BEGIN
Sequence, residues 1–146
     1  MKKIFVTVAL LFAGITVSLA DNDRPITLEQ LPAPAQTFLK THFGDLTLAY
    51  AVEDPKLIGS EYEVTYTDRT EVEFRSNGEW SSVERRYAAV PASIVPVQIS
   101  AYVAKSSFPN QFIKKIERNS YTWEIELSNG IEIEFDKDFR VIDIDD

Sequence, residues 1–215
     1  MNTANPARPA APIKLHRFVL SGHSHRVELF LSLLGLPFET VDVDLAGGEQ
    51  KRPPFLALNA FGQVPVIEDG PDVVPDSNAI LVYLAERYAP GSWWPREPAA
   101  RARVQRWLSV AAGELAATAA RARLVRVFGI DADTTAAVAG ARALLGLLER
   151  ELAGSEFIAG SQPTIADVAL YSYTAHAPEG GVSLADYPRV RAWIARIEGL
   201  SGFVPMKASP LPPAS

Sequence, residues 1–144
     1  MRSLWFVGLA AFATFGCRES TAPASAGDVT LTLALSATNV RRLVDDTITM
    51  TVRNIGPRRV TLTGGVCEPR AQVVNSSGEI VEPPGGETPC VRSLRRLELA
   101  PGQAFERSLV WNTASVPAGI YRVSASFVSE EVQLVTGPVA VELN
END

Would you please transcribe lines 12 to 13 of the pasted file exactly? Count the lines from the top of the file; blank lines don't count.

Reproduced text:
     1  MRSLWFVGLA AFATFGCRES TAPASAGDVT LTLALSATNV RRLVDDTITM
    51  TVRNIGPRRV TLTGGVCEPR AQVVNSSGEI VEPPGGETPC VRSLRRLELA